Australia, Belarus, Bhutan, Cambodia, Canada, Croatia, England, France, Germany, Hong Kong, Iceland, India, Indonesia, Ireland, Israel, Japan, Kazakhstan, Netherlands, New Zealand, Northern Ireland, Malaysia, Myanmar (Burma), Scotland, Spain, Sweden, Syria, Taiwan, Thailand, USA (or, ca, wa, mo, ut, nh), Vietnam, Wales

Cats I made friends with: Enough for 9 lifetimes

And now…



The Food. Delicious and filling meals for $1, fresh juices, curry from scratch… Oh, parting ways is such sweet sorrow.


Animal Friends. There is absolutely no shortage of dog and cat friends in SE Asia and it is wonderful. Okay, admittedly it’s not that wonderful because it’s kind of a problem, but they are all so adorable and amusing and I just wanted to claim them all as my own.


Markets. Back home we have farmer’s markets once a week or so, but Asia really has the whole market thing down and there’s nothing quite like the hustle and bustle of people, produce and snacks to start your day. Or end it. Or both.



Asian-Style Bathrooms. Can’t say I’ve been reminiscing about showering within inches of a toilet, squatting to pee, a lack of toilet paper or cold bucket showers. Nope, I’m good.

Sanitation. It’s nice to not have to question how long the food was sitting out or if those ice cubes were made with tap water. Otherwise…


The Word “Lady”. I can go my whole life without hearing that word again, especially paired with the phrases “special discount for you!” and “so beautiful, where from?” or “taxi!”


Mosquitoes. The. Absolute. Worst. I take pride in my uncanny ability to kill mosquitoes and would be okay if they just ceased to exist altogether.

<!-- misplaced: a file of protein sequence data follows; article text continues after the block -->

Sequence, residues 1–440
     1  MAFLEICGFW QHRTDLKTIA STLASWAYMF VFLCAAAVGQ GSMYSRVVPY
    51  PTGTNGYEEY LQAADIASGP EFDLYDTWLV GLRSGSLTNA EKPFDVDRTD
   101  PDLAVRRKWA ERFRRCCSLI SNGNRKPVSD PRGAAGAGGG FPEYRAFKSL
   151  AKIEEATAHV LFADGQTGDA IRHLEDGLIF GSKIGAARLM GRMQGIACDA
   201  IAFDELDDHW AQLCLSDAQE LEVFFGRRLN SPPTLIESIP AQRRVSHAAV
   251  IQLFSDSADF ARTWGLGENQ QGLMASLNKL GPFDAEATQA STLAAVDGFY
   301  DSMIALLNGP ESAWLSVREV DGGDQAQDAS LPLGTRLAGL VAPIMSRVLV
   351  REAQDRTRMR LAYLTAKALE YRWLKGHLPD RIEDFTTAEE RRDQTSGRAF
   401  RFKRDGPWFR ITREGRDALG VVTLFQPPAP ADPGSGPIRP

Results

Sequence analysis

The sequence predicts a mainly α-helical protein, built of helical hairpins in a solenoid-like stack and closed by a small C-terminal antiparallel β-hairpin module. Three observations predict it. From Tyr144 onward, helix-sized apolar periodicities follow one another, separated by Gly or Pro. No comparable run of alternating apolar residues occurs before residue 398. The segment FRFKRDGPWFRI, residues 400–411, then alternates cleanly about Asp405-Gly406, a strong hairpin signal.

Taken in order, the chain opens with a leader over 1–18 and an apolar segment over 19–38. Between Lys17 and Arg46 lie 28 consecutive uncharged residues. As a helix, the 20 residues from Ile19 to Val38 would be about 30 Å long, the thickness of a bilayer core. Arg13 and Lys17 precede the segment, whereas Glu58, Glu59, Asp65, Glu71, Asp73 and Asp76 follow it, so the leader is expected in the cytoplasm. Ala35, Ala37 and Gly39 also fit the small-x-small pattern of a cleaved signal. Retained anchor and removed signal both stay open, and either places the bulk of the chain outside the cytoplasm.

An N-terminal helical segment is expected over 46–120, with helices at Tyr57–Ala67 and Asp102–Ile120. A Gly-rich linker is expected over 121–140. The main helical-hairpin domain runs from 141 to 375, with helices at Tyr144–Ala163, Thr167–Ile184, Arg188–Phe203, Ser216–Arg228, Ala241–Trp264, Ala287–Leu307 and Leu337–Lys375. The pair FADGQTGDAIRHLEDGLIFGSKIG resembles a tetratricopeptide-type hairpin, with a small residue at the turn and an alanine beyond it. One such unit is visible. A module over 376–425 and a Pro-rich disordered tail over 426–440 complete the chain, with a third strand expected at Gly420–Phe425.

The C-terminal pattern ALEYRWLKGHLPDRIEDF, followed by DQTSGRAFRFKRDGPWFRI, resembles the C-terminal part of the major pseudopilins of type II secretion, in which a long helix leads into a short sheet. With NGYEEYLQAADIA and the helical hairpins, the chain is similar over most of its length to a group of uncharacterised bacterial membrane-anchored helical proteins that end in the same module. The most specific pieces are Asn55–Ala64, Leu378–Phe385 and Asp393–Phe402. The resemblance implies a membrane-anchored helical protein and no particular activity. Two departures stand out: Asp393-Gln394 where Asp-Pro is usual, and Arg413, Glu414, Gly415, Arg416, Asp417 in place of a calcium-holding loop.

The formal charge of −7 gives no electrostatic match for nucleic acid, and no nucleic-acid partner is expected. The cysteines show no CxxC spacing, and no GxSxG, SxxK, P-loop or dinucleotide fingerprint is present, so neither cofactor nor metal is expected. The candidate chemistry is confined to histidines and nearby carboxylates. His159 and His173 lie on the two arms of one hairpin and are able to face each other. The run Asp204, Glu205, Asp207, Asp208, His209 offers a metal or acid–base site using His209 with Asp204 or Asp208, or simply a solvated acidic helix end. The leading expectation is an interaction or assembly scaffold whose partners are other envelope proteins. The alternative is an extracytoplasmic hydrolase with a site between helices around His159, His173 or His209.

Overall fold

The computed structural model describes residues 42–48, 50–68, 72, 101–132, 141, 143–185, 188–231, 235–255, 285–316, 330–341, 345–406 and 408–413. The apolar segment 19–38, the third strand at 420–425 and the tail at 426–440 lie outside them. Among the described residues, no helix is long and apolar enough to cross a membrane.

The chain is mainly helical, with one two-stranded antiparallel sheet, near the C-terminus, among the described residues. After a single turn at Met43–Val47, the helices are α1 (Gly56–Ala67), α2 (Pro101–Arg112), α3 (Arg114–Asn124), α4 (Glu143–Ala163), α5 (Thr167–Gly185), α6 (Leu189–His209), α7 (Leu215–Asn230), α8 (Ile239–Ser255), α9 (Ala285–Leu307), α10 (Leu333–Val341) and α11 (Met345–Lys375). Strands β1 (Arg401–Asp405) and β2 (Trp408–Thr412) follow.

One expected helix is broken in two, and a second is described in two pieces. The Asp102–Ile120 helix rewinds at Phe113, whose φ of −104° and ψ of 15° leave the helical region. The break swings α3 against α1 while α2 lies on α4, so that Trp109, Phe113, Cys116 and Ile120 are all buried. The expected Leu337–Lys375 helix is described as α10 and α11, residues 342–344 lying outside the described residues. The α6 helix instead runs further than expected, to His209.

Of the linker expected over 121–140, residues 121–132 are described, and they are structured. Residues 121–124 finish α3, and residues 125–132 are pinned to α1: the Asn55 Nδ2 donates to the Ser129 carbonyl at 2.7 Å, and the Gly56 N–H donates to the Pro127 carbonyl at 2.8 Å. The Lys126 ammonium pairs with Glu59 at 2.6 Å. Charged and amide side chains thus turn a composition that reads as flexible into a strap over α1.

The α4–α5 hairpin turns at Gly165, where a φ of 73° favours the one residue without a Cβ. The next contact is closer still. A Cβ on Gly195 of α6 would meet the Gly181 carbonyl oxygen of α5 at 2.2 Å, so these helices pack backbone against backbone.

Honking. Incessant honking at everyone and everything and really at nothing in particular. Maybe they just like to toot their own horn?

Thieving Monkeys. Cute they are not, mischievous they are.


Constant Selling. Massages, coconuts, taxis, their first born, their right arm… Anything and everything is up for grabs. One particular encounter in Vietnam ended up being equal parts annoying and amusing. While laying at the beach with my eyes closed I heard vendors pass asking if I wanted a massage or to buy ice cream. You see, if you don’t react they usually move right along, but this time I encountered a man that put persistent American car salesmen to shame. He spent, at minimum, three minutes uttering a continuous slew of words. “Excuse me. Lady. Hello. Miss. Miss. Hi, hello? Excuse me. Hello lady. Miss…” (repeat 18 more times). Finally, thinking maybe there was a problem, I opened my eyes and found a guy about a foot to my left staring intently at me. “Yes?” I asked. “You want to buy something?” He asked. NO. No, no, no, no. NOOOOO.



Appearance Upkeep. I’ll be real, I’m essentially a peasant when traveling, which is great and also not; it’s nice to look nice at home, but it’s also nice to be completely unconcerned while abroad. While traveling (especially along the equator) it is all sorts of hot and sweaty and I just can’t be bothered to take the time to look moderately decent. Sure, while on the go I may closely resemble a lost child with a massive backpack, but really, I can’t say I care too much what I look like to a country full of strangers. I also don’t care if my outfit looks funny or if its day 208 of my hair being thrown up in an uber unsexy bun. Whatever.